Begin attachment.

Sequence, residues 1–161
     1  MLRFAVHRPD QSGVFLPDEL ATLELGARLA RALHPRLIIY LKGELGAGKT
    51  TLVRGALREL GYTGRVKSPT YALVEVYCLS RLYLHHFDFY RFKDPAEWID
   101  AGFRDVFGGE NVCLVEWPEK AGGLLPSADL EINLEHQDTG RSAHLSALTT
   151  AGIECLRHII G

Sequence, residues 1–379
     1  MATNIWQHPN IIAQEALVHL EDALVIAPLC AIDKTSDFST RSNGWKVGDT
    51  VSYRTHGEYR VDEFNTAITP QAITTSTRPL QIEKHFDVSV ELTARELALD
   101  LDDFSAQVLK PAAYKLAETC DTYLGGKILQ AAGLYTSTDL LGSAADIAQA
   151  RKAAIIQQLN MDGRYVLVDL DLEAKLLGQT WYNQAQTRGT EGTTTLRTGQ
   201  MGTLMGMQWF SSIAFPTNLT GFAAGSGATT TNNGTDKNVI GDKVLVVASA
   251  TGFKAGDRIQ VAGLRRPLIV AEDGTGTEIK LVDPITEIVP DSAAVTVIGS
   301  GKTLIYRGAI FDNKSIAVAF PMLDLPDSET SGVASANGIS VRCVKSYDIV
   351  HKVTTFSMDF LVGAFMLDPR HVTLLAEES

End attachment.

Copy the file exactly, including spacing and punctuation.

Sequence, residues 1–161
     1  MLRFAVHRPD QSGVFLPDEL ATLELGARLA RALHPRLIIY LKGELGAGKT
    51  TLVRGALREL GYTGRVKSPT YALVEVYCLS RLYLHHFDFY RFKDPAEWID
   101  AGFRDVFGGE NVCLVEWPEK AGGLLPSADL EINLEHQDTG RSAHLSALTT
   151  AGIECLRHII G

Sequence, residues 1–379
     1  MATNIWQHPN IIAQEALVHL EDALVIAPLC AIDKTSDFST RSNGWKVGDT
    51  VSYRTHGEYR VDEFNTAITP QAITTSTRPL QIEKHFDVSV ELTARELALD
   101  LDDFSAQVLK PAAYKLAETC DTYLGGKILQ AAGLYTSTDL LGSAADIAQA
   151  RKAAIIQQLN MDGRYVLVDL DLEAKLLGQT WYNQAQTRGT EGTTTLRTGQ
   201  MGTLMGMQWF SSIAFPTNLT GFAAGSGATT TNNGTDKNVI GDKVLVVASA
   251  TGFKAGDRIQ VAGLRRPLIV AEDGTGTEIK LVDPITEIVP DSAAVTVIGS
   301  GKTLIYRGAI FDNKSIAVAF PMLDLPDSET SGVASANGIS VRCVKSYDIV
   351  HKVTTFSMDF LVGAFMLDPR HVTLLAEES